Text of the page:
Exactly!! Another unit we could use $$ per mile ? Why are we talking about gasoline usage only when this car uses 2 forms of energy ?. I mean, does battery use not mean energy ? I am sure it will increase my power bill If I drive daily to work using just electricity, I wish there were some figures as to how much electricity this consumes so we could do an apples to apples comparison of how much $$$ is consumed per mile .

Re:MPG is outdated when you are using grid power (1)

Chris Burke (6130) | more than 4 years ago | (#29027593)

Exactly!! Another unit we could use $$ per mile ?

Now that is actually a useful metric! I like it. Of course it would vary based on the cost of gas, the cost of electricity, and so forth. But hey you could make some reasonable assumptions, apply them country-wide, and you could at least meaningfully compare the values even if you had to adjust them for your local conditions to know how much you're really going to spend.

I mean, does battery use not mean energy ?

No it does, that's why they had to invent some conversion scheme between grid power and gasoline. It involves a lot of assumptions about where your power comes from that may be reasonable for a 'national average' but probably won't apply to your specific case.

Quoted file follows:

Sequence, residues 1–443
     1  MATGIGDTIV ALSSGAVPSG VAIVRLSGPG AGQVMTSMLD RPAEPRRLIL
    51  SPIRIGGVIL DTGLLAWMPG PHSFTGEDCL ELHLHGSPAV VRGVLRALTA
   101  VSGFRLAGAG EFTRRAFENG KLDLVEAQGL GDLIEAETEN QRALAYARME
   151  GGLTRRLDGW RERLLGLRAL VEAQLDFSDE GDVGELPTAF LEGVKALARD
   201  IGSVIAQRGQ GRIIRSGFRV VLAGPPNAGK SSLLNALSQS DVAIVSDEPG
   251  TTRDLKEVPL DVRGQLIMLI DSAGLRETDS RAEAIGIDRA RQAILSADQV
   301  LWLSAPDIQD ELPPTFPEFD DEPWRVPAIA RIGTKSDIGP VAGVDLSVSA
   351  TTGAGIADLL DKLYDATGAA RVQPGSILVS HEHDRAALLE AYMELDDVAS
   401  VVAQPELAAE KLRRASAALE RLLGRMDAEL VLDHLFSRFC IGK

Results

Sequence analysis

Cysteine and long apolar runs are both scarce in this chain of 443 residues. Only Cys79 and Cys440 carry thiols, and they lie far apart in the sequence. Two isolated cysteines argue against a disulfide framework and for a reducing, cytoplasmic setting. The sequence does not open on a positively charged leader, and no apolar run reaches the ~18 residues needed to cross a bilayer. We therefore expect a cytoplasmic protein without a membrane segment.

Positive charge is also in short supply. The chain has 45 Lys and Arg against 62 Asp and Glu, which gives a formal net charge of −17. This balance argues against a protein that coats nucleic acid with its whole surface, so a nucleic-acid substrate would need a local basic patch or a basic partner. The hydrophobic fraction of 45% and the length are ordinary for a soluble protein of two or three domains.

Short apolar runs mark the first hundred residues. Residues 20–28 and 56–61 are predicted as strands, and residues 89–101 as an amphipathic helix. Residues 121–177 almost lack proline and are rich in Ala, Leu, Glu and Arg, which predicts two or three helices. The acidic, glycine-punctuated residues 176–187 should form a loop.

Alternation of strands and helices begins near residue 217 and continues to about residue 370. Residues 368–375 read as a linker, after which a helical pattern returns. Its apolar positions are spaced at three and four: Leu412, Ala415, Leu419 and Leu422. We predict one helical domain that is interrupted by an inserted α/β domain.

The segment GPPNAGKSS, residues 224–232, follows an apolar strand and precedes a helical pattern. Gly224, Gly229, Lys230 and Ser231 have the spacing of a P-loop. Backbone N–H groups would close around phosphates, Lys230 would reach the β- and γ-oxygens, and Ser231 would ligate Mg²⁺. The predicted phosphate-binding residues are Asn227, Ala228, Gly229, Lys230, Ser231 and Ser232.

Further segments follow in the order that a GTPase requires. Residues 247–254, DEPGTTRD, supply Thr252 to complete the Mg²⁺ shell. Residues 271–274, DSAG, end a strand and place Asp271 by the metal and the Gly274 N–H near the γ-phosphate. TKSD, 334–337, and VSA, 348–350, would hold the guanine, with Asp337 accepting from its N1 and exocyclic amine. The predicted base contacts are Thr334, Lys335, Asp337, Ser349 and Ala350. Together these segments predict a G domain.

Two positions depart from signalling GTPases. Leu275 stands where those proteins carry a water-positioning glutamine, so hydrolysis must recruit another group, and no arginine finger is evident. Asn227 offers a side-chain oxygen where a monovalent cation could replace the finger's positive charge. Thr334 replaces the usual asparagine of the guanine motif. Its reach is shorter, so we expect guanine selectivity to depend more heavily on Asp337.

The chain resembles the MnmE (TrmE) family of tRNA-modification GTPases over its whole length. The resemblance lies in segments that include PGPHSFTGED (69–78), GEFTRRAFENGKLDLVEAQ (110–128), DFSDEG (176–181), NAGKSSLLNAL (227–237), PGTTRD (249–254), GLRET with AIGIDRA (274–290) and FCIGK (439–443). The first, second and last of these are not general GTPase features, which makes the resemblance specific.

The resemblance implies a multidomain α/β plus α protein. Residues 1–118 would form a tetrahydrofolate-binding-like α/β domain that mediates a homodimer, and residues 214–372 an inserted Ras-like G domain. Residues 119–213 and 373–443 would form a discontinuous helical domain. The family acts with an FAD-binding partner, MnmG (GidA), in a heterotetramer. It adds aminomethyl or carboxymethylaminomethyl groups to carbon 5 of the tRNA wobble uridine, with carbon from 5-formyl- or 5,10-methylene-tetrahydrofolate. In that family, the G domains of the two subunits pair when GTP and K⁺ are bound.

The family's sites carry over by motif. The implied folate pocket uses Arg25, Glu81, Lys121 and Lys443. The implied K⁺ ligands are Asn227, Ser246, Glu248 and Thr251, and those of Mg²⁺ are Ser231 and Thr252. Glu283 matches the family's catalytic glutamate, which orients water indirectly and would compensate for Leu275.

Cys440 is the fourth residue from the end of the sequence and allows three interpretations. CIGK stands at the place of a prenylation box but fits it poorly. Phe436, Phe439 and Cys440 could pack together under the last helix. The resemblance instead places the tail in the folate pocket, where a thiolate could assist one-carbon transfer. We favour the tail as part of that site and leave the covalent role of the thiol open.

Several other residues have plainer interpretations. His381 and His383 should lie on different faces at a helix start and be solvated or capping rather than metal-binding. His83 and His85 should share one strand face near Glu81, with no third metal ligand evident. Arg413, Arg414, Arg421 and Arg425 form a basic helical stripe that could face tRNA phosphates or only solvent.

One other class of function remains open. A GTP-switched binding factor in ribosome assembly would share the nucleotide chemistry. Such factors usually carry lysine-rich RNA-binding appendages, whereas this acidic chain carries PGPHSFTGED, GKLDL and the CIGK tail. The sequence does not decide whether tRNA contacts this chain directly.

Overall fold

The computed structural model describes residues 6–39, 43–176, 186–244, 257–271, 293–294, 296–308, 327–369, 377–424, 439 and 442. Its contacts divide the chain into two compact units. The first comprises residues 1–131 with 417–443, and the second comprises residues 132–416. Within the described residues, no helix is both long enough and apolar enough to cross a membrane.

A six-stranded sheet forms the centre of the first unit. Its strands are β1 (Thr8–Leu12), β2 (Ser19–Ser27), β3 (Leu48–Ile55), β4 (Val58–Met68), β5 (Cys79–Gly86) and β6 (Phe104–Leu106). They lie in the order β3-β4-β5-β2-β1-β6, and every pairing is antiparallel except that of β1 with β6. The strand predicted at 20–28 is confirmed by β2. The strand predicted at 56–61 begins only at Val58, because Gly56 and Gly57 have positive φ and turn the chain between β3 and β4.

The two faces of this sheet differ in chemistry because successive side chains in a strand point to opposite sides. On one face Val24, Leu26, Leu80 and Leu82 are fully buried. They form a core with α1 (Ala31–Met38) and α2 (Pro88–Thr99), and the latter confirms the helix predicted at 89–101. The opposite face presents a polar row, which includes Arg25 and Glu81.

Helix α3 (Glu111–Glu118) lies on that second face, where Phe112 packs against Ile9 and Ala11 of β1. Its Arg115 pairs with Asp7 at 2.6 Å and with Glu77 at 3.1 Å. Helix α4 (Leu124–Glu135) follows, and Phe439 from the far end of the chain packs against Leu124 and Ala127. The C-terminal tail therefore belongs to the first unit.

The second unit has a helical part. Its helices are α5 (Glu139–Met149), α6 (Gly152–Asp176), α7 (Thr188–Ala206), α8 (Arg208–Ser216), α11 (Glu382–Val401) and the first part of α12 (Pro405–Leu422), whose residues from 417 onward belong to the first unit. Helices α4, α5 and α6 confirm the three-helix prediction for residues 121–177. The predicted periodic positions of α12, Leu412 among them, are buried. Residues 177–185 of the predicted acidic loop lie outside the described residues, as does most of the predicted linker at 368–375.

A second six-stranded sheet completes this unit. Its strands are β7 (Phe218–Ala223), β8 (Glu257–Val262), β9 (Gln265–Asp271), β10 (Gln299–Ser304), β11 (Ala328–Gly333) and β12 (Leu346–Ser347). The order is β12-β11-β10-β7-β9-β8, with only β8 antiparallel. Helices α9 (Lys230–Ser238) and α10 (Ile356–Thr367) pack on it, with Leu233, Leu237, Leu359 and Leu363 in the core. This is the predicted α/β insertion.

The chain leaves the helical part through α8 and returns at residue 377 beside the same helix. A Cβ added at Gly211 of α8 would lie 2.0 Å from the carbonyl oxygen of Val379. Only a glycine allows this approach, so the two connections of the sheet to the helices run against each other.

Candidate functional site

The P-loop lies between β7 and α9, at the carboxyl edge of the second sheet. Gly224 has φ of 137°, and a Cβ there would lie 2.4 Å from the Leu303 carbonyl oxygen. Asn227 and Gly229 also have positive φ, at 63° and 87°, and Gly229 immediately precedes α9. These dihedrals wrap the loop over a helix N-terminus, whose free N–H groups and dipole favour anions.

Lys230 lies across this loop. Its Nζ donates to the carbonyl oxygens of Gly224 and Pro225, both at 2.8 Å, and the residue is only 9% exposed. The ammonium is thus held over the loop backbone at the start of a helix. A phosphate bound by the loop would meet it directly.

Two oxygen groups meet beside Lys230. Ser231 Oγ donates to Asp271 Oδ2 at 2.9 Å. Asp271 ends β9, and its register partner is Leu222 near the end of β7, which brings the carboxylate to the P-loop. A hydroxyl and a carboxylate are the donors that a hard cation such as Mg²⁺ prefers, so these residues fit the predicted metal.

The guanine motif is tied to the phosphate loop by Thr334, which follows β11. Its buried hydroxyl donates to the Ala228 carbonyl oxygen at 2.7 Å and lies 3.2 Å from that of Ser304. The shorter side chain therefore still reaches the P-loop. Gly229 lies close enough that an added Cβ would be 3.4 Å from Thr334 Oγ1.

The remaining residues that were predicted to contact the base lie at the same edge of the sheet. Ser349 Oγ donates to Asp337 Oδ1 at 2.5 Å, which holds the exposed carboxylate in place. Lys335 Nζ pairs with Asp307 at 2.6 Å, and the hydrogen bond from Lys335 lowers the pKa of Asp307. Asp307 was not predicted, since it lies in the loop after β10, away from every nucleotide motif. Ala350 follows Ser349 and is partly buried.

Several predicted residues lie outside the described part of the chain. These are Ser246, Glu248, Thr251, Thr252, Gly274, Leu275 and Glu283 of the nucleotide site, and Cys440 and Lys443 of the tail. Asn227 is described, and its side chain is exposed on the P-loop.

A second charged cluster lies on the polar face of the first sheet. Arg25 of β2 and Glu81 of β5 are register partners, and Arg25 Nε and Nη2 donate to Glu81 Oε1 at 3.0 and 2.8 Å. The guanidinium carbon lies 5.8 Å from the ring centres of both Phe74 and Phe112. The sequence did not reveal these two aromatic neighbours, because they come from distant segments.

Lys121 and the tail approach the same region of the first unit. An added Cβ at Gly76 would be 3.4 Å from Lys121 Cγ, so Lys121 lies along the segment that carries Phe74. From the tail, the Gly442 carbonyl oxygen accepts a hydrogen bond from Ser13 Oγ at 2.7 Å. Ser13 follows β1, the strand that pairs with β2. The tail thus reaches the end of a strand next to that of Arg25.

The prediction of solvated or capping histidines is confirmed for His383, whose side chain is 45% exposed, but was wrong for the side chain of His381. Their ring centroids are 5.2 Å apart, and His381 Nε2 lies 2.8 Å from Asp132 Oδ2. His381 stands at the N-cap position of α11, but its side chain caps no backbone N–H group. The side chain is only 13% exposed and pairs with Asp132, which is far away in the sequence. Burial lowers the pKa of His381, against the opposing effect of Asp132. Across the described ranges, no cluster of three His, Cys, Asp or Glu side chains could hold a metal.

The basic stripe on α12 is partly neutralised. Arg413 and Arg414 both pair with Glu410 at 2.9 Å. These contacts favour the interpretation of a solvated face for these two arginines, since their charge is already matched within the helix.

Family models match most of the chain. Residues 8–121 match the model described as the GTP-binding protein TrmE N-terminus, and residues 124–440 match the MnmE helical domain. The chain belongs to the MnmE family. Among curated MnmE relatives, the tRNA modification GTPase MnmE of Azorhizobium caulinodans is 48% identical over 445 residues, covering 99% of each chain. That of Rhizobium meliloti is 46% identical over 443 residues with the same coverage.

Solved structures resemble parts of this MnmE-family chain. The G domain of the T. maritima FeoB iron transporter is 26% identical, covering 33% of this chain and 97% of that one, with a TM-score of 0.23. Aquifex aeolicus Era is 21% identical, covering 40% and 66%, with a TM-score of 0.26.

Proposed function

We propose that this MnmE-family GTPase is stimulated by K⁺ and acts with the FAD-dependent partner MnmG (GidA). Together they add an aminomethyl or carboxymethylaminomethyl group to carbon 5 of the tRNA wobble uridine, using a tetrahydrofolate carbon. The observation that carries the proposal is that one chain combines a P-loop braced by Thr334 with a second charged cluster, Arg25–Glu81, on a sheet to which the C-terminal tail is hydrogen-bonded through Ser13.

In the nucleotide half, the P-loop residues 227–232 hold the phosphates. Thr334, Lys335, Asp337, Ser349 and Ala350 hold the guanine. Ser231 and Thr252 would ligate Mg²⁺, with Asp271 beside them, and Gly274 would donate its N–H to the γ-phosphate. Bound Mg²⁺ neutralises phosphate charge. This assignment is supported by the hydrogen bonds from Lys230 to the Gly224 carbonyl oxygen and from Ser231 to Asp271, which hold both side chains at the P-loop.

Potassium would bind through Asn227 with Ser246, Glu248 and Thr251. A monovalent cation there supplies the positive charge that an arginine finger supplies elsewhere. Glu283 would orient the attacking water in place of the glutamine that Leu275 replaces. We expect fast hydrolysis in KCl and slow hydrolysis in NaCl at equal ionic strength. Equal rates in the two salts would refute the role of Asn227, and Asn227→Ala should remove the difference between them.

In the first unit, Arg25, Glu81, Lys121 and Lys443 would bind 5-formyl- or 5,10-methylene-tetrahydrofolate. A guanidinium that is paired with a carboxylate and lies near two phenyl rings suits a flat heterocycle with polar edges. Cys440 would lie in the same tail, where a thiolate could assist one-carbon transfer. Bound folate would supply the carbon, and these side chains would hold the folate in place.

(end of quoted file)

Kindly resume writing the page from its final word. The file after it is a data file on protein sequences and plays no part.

Re:MPG is outdated when you are using grid power (1)

EvanED (569694) | more than 4 years ago | (#29027717)

$$/mile would never ever work; prices of gas and electricity vary way too much by location and time. You need raw unit numbers.

The real problem is reducing it to one or two numbers; you really want more: (gasoline consumption in gallons, electricity consumption in KWh) per mile (city, highway) driving. You probably also want the electricity range in miles, perhaps for both highway and city driving.

Re:MPG is outdated when you are using grid power (0)

Anonymous Coward | more than 4 years ago | (#29027391)

Kilometers (OK, I'll settle for miles) per Megajoule for the win.

Re:MPG is outdated when you are using grid power (0)

Anonymous Coward | more than 4 years ago | (#29027657)

Only if they start selling gasoline and electricity by the megajoule (not a bad idea actually)...

Re:MPG is outdated when you are using grid power (1)

HasselhoffThePaladin (1191269) | more than 4 years ago | (#29027461)

How about miles per pound of carbon dioxide emission?